According to the Center for Disease Control (CDC), food workers can follow some simple tips to prevent norovirus from spreading:

  • Avoid preparing food for others while you are sick and for at least 48 hours after symptoms stop.
  • Wash your hands carefully and often with soap and water.
  • Rinse fruits and vegetables and cook shellfish thoroughly.
  • Clean and sanitize kitchen utensils, counters, and surfaces routinely.
  • Wash table linens, napkins, and other laundry separately.

Here are some more tips from the CDC to prevent foodborne illness from crashing your holiday.

Clean, Separate, Cook, Chill, Stuff with care

  • Buffets and the Two-Hour Rule. Perishable foods (like meat and poultry) should not sit at room temperature for more than two hours. Keep track of how long foods have been sitting on the buffet table and discard anything there two hours or more.

Hot and Cold

  • Keep Hot Foods HOT and Cold Foods COLD. Hot foods on a buffet should be held at 140 °F or warmer. Keep hot foods hot with chafing dishes, slow cookers, and warming trays. Do not re-heat food in your slow cooker.
  • Cold foods should be held at 40 °F or colder. Keep cold foods cold on a buffet by nesting the serving dishes into bowls of ice. Otherwise, use small serving trays and replace them frequently.  If you’re transporting cold foods, use a cooler with ice or commercial freezing gel.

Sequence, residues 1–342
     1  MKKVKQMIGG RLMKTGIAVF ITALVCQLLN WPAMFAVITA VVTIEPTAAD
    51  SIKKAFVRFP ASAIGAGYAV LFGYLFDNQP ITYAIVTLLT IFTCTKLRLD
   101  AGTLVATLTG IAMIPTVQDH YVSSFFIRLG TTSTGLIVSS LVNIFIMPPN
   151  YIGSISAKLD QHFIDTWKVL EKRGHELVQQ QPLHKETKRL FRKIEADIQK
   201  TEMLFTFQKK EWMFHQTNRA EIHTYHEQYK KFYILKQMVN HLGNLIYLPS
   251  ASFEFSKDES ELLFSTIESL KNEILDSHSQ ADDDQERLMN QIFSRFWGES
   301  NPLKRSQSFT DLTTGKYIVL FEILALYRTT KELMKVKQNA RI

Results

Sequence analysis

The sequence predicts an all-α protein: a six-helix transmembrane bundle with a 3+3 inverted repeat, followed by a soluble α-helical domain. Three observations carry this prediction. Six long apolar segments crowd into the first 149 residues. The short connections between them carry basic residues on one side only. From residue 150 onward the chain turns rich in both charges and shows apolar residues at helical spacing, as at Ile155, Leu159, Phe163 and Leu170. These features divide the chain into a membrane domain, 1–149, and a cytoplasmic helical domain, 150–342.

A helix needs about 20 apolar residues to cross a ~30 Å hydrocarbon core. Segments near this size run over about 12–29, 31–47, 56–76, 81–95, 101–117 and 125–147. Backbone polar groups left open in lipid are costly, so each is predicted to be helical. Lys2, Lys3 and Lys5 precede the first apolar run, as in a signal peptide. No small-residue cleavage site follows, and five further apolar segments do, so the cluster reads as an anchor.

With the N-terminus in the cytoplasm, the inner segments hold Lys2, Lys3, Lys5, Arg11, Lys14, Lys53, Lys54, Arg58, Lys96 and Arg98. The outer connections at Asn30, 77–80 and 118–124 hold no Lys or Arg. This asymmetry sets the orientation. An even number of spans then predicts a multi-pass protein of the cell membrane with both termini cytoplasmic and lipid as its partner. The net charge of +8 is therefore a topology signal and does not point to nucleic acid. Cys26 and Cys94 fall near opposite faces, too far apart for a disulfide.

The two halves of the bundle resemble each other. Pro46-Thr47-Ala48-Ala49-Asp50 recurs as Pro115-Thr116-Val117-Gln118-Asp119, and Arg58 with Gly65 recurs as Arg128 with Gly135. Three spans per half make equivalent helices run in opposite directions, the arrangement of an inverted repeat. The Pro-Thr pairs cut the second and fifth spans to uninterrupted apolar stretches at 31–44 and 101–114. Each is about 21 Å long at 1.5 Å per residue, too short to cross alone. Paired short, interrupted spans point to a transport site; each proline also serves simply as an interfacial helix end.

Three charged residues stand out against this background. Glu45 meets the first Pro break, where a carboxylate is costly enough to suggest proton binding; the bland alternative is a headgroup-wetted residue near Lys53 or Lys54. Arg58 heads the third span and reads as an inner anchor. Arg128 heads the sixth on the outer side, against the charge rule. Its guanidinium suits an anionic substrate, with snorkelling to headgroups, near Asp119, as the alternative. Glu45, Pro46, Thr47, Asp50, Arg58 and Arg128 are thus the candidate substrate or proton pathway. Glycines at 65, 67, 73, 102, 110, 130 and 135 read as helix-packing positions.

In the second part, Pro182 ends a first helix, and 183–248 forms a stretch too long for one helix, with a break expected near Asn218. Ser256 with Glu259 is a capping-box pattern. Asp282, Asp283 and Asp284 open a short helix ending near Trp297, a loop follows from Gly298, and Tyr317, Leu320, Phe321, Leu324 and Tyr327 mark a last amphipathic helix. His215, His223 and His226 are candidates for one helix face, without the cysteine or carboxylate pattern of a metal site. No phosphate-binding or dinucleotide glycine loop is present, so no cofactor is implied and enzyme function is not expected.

• Discard all perishable foods (meats, poultry) left at room temperature longer than 2 hours. Immediately refrigerate or freeze remaining leftovers in shallow containers.
  • If you have additional questions about how to store leftovers, download the FoodKeeper app. This app offers storage guidance on more than 400 items and cooking tips for meat, poultry, seafood and eggs.

Don’t let foodborne Illness be an uninvited guest at your table this holiday season!

References: accessed 12-21-15

CDC Food Safety accessed 12-21-15 accessed 12-21-15 accessed 12-21-15 accessed 12-21-15

This post was written by Robin Allen, a member of OneOp (MFLN) Nutrition and Wellness team which aims to support the development of professionals working with military families.  Find out more about the OneOp Nutrition and Wellness concentration on our website, on Facebook, on Twitter and on LinkedIn.

Flickr CC Esherichia Coli showing flagela Microbe World taken June 1, 2011